|Wooden's Wisdom - Volume 9||Issue 409|
|Craig Impelman Speaking | Championship Coaches | Champion's Leadership Library Login|
COMPETITION SHOULD ELEVATE NOT DEFLATE (ROY WILLIAMS PART 11)
John Wooden Video Clip (1 min 33 sec.): Terry Donahue asks Coach Wooden what three rules he had for his teams. There is lots of insight and wisdom packed into 93 seconds.
We should teach our children to enjoy competition and have fun with it. We should also teach them not to get deflated if the outcome was not what they had hoped for, nor too carried away if it was to their liking. Coach Wooden put it best when he defined Competitive Greatness as "Be at your best when your best is needed. Enjoyment of a difficult challenge."
In his terrific book, Hard Work with Tim Crothers, Hall of Fame North Carolina Coach Roy Williams describes how his third-grade teacher inspired him to compete and elevate his performance:
"I had no dreams. No goals. Nothing whatsoever. My dad worked at a sawmill, my uncles worked at a sawmill, and my grandfather had his own little sawmill. I didn't think about it much, but I guess I figured that would be me.
I wanted to be good in school, though. Some of my older cousins and uncles had trouble reading, and I knew that I didn't want to be like that.
And then, when I was in the third grade, my teacher, Mrs. Cheek, put up a list of the top 10 students in the first grading period. There were only 25 kids in the class, but my name was not on the list. She put it up on this little chalkboard right beside the regular blackboard and I had to go in there every day for six weeks and stare at it, and that really ticked me off.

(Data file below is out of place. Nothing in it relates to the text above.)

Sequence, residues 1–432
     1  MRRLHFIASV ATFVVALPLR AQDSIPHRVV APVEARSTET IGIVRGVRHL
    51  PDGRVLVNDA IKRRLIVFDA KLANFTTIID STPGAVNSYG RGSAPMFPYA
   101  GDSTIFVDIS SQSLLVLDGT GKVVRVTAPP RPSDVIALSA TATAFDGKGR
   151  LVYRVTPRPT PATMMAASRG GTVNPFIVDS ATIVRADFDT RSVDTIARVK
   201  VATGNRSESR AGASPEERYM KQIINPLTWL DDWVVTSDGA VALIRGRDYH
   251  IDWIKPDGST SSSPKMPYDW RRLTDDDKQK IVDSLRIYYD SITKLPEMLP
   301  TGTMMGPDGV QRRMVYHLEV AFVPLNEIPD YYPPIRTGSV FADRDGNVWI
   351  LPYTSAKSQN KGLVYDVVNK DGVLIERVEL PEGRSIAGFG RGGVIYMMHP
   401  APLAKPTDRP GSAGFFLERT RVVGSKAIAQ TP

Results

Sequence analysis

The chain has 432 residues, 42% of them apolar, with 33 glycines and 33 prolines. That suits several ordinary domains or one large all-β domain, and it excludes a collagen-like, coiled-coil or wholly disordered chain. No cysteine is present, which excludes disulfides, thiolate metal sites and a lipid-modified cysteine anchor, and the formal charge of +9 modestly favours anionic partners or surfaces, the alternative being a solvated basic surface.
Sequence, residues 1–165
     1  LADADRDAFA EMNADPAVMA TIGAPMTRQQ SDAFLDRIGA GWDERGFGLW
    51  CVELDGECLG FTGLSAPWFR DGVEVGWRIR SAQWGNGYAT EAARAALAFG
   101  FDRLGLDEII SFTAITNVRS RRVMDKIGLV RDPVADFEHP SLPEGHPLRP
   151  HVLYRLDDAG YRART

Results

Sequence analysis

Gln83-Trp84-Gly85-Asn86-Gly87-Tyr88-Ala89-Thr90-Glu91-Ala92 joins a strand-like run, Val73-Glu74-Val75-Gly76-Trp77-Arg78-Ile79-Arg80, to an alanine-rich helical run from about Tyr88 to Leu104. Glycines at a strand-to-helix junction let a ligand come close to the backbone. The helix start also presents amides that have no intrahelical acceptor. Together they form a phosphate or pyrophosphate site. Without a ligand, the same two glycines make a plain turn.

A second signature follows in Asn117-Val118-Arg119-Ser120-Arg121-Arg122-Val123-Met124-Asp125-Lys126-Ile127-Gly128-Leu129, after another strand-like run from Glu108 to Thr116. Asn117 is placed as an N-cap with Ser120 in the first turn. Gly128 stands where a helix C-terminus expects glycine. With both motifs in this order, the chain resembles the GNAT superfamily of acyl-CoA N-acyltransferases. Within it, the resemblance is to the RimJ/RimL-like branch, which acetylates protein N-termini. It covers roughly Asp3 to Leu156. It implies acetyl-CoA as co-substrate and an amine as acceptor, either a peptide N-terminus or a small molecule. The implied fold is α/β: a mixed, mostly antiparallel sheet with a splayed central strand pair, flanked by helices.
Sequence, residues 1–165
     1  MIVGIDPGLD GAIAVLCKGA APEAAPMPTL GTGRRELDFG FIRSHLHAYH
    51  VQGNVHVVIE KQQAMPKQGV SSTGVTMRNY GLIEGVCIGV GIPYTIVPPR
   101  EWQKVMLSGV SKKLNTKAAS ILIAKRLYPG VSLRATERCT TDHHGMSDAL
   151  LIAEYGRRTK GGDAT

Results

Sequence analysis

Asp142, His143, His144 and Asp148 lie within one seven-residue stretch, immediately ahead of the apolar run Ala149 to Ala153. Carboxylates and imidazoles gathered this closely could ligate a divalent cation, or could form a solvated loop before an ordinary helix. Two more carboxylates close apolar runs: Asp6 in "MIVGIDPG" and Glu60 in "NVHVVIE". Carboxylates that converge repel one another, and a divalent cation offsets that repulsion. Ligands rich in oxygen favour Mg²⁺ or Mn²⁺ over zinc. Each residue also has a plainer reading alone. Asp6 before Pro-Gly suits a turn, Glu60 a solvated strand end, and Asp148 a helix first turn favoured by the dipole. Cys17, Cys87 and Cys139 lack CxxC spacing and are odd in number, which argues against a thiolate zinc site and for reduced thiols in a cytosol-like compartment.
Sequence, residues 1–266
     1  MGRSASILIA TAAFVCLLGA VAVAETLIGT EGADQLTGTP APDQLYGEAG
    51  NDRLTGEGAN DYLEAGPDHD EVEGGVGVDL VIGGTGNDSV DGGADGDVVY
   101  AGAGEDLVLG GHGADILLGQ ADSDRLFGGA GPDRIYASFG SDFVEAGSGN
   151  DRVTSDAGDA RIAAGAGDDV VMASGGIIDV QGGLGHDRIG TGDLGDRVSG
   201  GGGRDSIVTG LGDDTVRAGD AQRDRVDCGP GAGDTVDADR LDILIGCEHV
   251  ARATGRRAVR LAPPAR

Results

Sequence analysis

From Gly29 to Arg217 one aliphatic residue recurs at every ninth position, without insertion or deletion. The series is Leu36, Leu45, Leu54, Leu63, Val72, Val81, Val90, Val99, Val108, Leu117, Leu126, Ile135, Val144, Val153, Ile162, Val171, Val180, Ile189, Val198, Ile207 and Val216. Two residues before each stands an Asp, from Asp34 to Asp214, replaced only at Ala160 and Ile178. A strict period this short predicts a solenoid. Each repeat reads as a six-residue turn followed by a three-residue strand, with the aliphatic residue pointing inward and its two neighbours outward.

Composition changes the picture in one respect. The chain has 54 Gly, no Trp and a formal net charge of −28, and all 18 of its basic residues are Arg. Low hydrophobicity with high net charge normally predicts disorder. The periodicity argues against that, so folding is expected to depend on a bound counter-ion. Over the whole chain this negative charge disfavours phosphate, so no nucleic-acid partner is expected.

After that, for the next five grading periods, my name was the first one on the list. To see my mother's reaction when I brought those report cards home was so important to me. She was so proud that she told all my relatives about my grades.
Whenever anybody asks me how I came to be so competitive, I trace it directly back to that experience. That's the first time I can ever remember any competition at all, except for fighting. And that was the first time that I ever even thought about competition. Now most of my friends think of me as the most competitive person they've ever met. So, I kept trying to be a good student for those two reasons: because I wanted my name on that board and because I thought it would make my mom happy. Not because I saw it taking me anywhere."
I don't believe we help young people when we shelter them from competition. I think we help them immensely when we teach them how to compete properly.
Mrs. Cheek helped Roy Williams learn how to enjoy competition. Who can you help?
Yours in Coaching,
Ain't it fine when things are going
Edgar Allen Guest (1881-1959)
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